By NOELLE NICOLLS
Tribune Features Editor
LAST month the Bahamas National Youth Council, a non-profit organization representing youth voices in the country, commemorated Caribbean Youth Day with a youth march and forum. President of the council Tye McKenzie publicly associated himself with rational and bold albeit unpopular positions on Caribbean integration and I salute him for doing so. It made me think, regionalism is not dead in the Bahamas after all: It was a thought that gave me hope. In fact, it inspired me, as a fellow advocate of regional integration.
But it also made me think: How unfortunate that supporting a simple idea such as proudly affirming a Caribbean identity, and the “beckoning reality of integration and corporate development as a region” would be a bold action in this age of collapsing borders and social networking.
Caribbean people today are probably more integrated than in any other time in our history. And yet, today, anti-integration sentiments still hold major political currency, and it still seems rationale to assert that regional integration is irrelevant.
In the case of the Bahamas, we continue to resist the idea that the Haitian presence is not in fact anti-Bahamian, but is quintessentially Bahamian. Illegal immigration clouds the consciousness, but in reality, the two nations have always shared a close economic and cultural relationship, not to mention that familial ties are deeply entrenched in the Bahamian identity.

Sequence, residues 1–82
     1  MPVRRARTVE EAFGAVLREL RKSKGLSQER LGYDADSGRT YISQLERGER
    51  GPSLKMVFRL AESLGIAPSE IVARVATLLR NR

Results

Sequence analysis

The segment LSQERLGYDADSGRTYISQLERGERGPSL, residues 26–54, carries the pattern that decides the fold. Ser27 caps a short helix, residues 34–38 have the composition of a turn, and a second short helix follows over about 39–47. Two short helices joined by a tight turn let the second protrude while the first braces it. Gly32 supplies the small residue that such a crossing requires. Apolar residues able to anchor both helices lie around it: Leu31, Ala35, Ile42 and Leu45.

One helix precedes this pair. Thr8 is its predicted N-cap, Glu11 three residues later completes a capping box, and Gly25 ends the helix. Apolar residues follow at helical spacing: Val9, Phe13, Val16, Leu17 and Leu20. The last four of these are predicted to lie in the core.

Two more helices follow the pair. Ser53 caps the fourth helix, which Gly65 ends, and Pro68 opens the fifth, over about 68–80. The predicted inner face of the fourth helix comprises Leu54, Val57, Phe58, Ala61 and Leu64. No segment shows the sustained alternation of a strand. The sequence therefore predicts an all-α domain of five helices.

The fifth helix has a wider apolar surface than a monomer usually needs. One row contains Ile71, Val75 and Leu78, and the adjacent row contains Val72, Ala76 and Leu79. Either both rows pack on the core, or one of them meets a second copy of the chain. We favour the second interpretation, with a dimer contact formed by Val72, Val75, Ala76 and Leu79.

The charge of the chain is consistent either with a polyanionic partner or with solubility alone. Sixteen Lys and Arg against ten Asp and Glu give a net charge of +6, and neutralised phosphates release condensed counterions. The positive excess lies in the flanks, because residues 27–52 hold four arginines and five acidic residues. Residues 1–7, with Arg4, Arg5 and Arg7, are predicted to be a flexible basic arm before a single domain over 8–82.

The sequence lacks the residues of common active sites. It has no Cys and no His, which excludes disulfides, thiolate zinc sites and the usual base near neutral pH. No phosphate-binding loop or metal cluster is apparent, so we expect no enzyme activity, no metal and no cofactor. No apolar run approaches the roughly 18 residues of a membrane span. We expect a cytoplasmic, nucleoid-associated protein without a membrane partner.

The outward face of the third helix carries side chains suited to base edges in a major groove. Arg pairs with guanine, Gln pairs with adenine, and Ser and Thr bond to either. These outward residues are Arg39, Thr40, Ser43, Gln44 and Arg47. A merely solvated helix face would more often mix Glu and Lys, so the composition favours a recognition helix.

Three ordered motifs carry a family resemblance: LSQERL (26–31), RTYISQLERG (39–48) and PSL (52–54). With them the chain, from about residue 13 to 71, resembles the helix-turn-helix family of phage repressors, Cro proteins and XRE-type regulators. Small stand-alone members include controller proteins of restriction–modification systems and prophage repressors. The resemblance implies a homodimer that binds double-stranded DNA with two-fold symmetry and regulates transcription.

Illegal immigration also creates the false perception that people in the wider Caribbean hate their countries and see the Bahamas or their chosen destination as the Promised Land, which could be nothing further from the truth; and the false perception that immigrants are somehow inferior, low-grade, even depraved human specimens, which of course, is not only untrue, but highly ignorant.
We have yet to come to terms with the simple idea that our relationship with the United States of America, particularly our historical connections to the Carolinas and South Florida, does not negate our connection to the Caribbean region. Our geography has always placed us in a unique cross-border position: American and Caribbean; Western and Colonial; influential and inconsequential, sprawling and diminutive. For these and many other reasons we “exude the essence of a liminal existence”, as cultural scholar Dr Jahlani Niaah has observed in the past.
A large population of our political and business class were educated in regional institutions and in their private lives many of them manifest the essence of regionalism. Their contemporary politics would not suggest so because it has called for them to virtually rebel against their own upbringing. And in doing so, they have led a subliminal disintegration movement with a pervasive effect on public consciousness.